It’s no secret what’s been going on in the land of PVD. Lots of design work. I’ve been working on a ton of new parts and new bikes. Moving development through the Red Five, Lightning, and Baron class bikes, a new class is born. The SR-71 Blackbird class. driven to go higher. Faster. Radder.
This is the furthest I’ve developed the yoke concept for my bikes. Yokes are nothing new in cycle design but, like bent seat tubes, changes in geometry and components has forced once optional design choices to be mandatory. Yokes are expensive and hard to make well. It’s hard to make one that looks good in the computer but it’s amazingly had to design a yoke that can be made and used well. I’ve learned a lot in practice as each of the three previous class of yoke taught me a considerable bit about how to get structure, appearance, and economy from the design. I’m very proud of where I’ve come with this.
So many improvements are included on the new yokes it’s hard to describe. They are small details and tricky for the non-designer to notice. One thing does remain, they are heavier than they need to be. I cant do the kind of testing that I’d need to to make these parts as light as possible. So, I build in a little safety margin that ensures no issue down the road. Weight isn’t that important in a bike frame (it is but not like most people think), so I can put some here. I also believe that if you are going to the trouble of making a yoke, you should have real engineering gains as a result. These yokes do that. They aren’t just a clearance solution. They are an improvement on the structure of the stays.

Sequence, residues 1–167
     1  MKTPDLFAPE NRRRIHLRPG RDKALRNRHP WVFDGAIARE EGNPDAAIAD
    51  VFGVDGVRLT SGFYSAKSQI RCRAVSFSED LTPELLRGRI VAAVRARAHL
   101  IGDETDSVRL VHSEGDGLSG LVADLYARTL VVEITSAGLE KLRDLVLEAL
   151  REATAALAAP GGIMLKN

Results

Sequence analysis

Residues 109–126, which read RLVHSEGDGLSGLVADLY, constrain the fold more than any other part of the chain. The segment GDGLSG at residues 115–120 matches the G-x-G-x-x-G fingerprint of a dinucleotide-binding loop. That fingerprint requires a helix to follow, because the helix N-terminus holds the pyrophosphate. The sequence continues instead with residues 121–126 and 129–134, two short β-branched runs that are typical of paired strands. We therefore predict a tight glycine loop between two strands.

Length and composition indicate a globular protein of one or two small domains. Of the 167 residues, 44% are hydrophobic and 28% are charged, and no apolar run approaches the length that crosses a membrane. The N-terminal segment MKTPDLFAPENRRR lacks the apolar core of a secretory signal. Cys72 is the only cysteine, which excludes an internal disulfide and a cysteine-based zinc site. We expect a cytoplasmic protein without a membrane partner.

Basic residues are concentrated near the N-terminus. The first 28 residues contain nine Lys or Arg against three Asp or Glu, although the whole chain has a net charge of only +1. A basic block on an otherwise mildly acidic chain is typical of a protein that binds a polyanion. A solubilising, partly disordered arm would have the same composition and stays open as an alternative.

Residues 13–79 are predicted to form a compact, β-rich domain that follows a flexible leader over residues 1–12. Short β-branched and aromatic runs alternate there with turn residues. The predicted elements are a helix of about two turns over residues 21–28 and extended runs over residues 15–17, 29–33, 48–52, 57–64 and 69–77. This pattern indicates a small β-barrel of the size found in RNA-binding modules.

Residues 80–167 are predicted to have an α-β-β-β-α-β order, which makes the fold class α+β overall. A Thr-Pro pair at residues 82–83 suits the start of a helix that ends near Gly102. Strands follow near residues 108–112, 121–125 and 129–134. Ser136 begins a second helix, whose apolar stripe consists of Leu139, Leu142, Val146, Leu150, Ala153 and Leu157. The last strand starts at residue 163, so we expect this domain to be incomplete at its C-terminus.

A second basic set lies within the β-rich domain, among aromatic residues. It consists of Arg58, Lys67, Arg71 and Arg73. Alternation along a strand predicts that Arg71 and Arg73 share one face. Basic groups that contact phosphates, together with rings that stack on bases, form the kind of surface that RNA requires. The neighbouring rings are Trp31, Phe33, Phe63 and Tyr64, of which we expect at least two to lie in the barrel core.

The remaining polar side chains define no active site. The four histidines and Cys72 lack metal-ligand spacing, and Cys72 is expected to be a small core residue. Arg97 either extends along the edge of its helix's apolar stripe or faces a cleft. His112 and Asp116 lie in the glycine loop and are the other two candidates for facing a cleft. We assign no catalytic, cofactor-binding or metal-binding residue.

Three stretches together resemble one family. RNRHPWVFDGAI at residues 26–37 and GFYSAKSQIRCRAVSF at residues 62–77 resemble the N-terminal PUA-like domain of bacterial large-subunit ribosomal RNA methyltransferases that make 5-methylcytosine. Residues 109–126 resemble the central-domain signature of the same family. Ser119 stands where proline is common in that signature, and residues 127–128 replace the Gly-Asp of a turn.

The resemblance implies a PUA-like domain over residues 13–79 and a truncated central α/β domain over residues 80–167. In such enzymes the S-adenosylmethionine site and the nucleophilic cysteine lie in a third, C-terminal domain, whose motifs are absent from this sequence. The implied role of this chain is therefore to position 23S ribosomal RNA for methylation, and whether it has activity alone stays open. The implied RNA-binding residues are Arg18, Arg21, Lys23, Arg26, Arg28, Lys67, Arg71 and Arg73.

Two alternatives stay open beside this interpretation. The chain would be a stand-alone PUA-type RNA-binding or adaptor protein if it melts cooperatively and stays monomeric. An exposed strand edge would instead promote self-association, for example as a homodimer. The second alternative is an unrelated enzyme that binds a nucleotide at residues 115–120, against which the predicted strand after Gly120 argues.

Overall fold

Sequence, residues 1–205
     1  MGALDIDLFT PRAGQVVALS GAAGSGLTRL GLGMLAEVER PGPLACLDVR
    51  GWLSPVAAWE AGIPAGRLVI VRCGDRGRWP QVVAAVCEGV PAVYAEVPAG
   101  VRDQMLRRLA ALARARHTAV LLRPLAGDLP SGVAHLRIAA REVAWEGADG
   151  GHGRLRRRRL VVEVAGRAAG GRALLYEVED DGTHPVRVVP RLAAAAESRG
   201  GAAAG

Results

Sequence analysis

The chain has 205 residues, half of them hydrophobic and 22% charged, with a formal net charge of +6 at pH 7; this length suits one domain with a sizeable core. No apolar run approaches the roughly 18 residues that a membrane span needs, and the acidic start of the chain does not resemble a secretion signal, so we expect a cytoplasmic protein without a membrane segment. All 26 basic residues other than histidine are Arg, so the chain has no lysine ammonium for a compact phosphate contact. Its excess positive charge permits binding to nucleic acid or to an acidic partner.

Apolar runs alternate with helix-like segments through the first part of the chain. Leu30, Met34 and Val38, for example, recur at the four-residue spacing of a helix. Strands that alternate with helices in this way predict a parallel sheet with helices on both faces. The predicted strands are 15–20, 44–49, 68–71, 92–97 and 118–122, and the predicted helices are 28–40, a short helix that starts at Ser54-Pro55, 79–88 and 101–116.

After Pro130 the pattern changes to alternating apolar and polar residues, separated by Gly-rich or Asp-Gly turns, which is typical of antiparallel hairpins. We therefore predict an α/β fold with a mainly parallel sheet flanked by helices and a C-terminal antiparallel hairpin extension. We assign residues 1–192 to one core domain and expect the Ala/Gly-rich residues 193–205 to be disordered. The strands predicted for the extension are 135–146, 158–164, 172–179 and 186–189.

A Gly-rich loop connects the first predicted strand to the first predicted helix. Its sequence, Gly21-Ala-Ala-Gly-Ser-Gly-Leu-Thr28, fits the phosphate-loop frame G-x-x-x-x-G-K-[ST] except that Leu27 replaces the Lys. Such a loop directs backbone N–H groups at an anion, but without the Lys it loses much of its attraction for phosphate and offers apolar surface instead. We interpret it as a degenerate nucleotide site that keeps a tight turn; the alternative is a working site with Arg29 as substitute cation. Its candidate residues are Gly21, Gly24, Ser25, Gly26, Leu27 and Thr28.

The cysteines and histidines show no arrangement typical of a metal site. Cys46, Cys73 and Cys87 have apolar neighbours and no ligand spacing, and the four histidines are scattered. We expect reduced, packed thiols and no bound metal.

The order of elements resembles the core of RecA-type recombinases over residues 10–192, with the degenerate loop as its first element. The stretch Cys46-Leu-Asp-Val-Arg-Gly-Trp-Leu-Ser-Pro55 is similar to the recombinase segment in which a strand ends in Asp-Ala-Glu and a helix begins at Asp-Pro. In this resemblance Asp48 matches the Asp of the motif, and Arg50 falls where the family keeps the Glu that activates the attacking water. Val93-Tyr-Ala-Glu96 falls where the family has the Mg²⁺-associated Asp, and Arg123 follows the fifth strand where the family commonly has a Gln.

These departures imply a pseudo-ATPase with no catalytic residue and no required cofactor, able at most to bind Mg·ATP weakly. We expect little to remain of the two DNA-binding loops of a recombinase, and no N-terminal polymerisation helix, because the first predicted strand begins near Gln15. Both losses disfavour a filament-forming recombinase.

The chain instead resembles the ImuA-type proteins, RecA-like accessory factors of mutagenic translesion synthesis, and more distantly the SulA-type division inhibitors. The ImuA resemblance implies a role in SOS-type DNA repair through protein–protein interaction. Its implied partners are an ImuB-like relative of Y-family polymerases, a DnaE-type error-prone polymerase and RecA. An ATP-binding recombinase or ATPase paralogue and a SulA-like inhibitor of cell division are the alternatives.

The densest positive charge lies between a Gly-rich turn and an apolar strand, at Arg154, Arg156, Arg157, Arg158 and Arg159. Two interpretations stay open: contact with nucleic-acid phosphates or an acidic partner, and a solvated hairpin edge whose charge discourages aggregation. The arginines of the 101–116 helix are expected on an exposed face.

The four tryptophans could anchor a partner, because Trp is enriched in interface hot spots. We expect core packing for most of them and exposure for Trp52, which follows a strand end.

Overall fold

These yokes will fit a 29×2.4 tire, 36t chainring, @ 425mm stay length, and sub-Q156 crank (Q150) compatability.
I’ve been moving stay length out (425mm) from previous designs (415mm) to improve fit comfort. This will let me move my saddle a little more rearward and take some weight off of my arms. It’s also a little more stable and with the saddle move, wheelbase resolves to about the same as before. The real loss here is front center but I’m still far ahead of most when it comes to this. I can afford a little more balance.
Thanks to a partnership with a few other folks; engineers & machinists, we are bringing this design forward and making it real. These guys work for some of the best funded and aggressive tech companies in San Francisco and they have tools around them that most dream of. They also know how to get jobs done for real. I bring my knowledge and design. They bring tools, time, and persistence. We all get sweet bikes and I get some killer parts left over for later. Collaborations can help many.
Nick Heys, a fantastic machinist, has done the programming and machining on these parts. He can get fast cycle times and great finishes on the blocks of steel. I told him not to focus an undue amount on surface finish as close is good enough. This since we can smooth the part pre-paint easily and it will look great after. He could have taken these to jewelry level if I had let him. The parts look great.
Next, are the new seatstay yokes and head tubes!!! Also bridges and brake supports and mounts on the water jet.